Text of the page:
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Why Some Saudi Women Will Keep Their Driving Licences a Secret

Time: June 23, 2018

Saudi Arabia’s monarch may have opened the door for Saudi women like Shahd to start driving, but she still needs to sneak out of the house to take lessons.

The 26-year-old business student knows she’s in for a battle to convince her parents because in their community, some would find it shameful to see a woman behind the wheel. Once she gets a licence, she’ll stow it in a drawer until she musters up the courage to ask.

“I’ll have to be accommodating to the whole society,” Shahd said in a café in her hometown of Buraidah in central Saudi Arabia, where it’s rare to see a woman’s face exposed in public. “I don’t think it’s right to force something upon them.”

Women apply for driving licenses in Buraidah.
Photographer: Vivian Nereim/Bloomberg

Even as the kingdom ends the legal ban on Sunday, Shahd’s conundrum shows how daunting it will be for many Saudi women to suddenly transcend ingrained traditions that have limited their freedom during decades of state-imposed patriarchy. Guardianship laws bar them from traveling or getting married without approval of a male relative, usually a father or husband but occasionally even a son.

Change has come abruptly since Crown Prince Mohammed bin Salman charted out plans to wean Saudi Arabia off oil two years ago, which will be tough to do if half its population is disempowered. Yet at the same time as expanding women’s rights and social freedoms, he’s jailed women who campaigned to drive for years and come down hard on opponents to his reform agenda.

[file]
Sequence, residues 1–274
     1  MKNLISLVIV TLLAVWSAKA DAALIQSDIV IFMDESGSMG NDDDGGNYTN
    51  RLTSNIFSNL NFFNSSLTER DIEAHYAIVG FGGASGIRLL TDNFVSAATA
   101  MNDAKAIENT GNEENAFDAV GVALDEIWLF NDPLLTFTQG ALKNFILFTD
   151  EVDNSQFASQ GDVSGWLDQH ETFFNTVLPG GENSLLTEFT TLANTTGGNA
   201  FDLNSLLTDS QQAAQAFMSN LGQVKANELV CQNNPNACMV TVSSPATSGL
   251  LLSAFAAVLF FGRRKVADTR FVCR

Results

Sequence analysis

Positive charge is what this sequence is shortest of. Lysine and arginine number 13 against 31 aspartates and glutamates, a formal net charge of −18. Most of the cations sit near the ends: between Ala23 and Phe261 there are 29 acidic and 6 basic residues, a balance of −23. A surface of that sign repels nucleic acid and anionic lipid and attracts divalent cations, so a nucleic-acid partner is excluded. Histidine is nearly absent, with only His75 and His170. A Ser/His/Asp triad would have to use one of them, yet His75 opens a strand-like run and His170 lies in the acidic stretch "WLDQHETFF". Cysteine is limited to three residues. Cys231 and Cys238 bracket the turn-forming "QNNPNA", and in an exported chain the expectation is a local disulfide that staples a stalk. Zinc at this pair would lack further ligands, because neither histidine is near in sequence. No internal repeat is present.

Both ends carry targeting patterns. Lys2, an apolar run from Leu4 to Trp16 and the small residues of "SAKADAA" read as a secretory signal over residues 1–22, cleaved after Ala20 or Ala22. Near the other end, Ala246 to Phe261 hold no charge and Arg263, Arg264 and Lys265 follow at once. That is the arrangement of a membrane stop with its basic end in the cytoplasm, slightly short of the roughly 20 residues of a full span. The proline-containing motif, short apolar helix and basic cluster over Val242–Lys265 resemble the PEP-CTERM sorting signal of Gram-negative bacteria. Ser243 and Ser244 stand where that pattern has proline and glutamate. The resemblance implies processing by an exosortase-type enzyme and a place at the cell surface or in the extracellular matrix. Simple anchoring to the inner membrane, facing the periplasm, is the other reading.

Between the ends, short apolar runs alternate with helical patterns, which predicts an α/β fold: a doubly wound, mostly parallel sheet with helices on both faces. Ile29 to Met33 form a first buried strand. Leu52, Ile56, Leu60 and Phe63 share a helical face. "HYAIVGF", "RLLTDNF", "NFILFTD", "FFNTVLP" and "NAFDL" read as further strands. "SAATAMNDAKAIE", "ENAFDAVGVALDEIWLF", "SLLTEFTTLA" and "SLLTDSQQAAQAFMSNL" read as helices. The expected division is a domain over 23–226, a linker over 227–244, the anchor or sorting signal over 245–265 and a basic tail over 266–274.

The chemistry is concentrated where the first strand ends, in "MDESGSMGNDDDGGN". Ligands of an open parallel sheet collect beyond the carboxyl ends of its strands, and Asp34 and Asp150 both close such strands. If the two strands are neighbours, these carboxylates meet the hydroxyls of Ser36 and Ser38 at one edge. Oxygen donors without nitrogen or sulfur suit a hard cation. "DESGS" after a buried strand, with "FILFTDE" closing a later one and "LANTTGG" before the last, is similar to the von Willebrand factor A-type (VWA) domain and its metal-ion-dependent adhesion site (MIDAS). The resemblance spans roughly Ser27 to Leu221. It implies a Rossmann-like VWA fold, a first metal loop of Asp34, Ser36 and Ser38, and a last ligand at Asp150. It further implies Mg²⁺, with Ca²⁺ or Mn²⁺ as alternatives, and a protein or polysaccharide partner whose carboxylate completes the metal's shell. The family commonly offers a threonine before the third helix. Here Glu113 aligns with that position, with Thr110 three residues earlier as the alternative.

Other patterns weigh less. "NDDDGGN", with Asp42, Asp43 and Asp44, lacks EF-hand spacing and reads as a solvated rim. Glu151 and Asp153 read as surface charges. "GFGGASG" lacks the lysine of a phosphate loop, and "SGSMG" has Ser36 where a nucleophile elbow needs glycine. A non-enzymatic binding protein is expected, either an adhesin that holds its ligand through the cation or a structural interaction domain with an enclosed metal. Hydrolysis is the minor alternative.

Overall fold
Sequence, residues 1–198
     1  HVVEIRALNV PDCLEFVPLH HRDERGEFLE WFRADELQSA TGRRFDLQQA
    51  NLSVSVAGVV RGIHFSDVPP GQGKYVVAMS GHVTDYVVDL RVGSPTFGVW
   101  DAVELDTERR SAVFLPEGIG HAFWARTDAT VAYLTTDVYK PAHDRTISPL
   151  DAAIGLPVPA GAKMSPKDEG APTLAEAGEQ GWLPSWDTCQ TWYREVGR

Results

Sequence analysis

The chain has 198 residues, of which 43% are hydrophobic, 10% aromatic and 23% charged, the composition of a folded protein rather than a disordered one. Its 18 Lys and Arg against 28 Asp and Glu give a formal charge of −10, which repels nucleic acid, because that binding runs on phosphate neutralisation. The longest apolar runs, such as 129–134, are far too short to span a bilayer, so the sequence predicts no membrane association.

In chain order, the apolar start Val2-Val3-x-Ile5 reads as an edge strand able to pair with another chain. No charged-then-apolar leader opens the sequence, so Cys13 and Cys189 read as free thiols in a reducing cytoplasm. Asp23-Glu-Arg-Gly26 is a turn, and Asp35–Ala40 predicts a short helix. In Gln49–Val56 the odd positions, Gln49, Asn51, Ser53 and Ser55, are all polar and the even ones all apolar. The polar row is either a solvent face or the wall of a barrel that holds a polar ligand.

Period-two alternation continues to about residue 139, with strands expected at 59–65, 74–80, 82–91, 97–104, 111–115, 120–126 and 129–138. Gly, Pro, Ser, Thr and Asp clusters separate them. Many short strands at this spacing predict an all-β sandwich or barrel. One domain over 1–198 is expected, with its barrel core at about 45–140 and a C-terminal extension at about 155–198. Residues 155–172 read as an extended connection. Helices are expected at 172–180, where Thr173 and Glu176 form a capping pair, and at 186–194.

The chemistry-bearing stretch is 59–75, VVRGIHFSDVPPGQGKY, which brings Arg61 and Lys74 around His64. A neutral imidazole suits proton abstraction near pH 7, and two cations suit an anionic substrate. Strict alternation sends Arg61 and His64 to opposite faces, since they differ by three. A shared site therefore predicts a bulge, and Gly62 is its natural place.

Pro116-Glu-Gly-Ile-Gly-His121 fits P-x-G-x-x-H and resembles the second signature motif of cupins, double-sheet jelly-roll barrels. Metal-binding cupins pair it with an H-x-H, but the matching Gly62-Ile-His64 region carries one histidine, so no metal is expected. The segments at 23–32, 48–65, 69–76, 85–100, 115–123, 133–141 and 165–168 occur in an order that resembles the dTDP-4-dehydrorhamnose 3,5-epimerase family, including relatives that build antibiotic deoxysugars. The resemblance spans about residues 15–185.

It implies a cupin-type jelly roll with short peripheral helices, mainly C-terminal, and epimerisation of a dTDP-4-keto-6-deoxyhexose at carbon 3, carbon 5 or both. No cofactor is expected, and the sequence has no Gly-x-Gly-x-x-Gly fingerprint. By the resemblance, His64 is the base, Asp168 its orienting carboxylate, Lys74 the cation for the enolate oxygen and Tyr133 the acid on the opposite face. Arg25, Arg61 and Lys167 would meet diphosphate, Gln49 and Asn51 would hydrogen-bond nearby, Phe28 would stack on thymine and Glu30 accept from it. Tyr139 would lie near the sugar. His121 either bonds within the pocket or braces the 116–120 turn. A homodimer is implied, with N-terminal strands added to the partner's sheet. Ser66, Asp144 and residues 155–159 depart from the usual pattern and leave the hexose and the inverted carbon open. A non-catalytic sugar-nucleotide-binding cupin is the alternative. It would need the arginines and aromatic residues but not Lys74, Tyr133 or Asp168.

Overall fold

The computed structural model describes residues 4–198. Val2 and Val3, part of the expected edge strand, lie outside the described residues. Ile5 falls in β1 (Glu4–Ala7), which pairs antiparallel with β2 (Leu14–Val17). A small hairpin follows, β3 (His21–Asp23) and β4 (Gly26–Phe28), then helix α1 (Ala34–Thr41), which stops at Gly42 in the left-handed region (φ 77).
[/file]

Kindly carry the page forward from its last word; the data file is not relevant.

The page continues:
Saudi families are torn between embracing or resisting changes that clerics and government officials had spent years portraying as sinful. Some are concerned that their rulers are pandering to the West in a way that violates their traditions and religion.

“In itself, the fact of women driving is likely to become normalized relatively quickly,” said Graham Griffiths, a senior analyst at global risk consultancy Control Risks in Dubai. “However, as part of a broader revolution in gender roles in Saudi society, this will have longer-term implications for society, which could still cause considerable social upheaval by creating deep divisions.”

Prince Mohammed has opened cinemas, loosened gender segregation, curbed the powers of the religious police and allowed music to be played in public, overturning longstanding restrictions rooted in a rigid interpretation of Islam.

The culture shock is less pronounced in cosmopolitan centers like Riyadh or Jeddah because it wasn’t uncommon for parents to be comparatively flexible with their daughters, at least in more wealthy households. Many even got licences while studying or vacationing abroad and have swapped them for Saudi ones, proudly splashed in selfies across social media.

Learning to change a tire at Aramco’s drive school. | See more photos from the driving school
Photographer: Mohammed Al-Nemer/Bloomberg

It’s a bigger adjustment in outlying regions like Qassim, nicknamed Saudi Arabia’s Texas by some for its conservatism and the prevalence of Salafi clerics. The province, whose biggest city is Buraidah, has established a driving school for women, but it’s not open yet.

Women interviewed by Bloomberg were conflicted, eager to drive but also wanting to respect that their cultures will take time to adapt. Two said they’d been adventure driving in the desert for years beyond the public gaze.

Others said their parents worry letting them drive will tarnish their reputation with neighbors. For traditional Saudi families, providing for women, including chaperoning them around, is regarded as a way of bestowing honor on them.

“Our problem now is shame and customs, not Islamic law,” said 43-year-old Asma Al-Musleh, who shared a commonly cited story about a wife of the Prophet Muhammad riding a camel in the seventh century. As she sat beneath palm trees at a local park in the town of Unaizah, a group of young girls were, quite aptly, driving back and forth in mini toy cars.

Al-Musleh is too scared to get behind the wheel herself, but her 18-year-old daughter Reef—who grew up in the Internet age—has fewer hangups. She’ll wait until “after things quiet down and people become convinced.”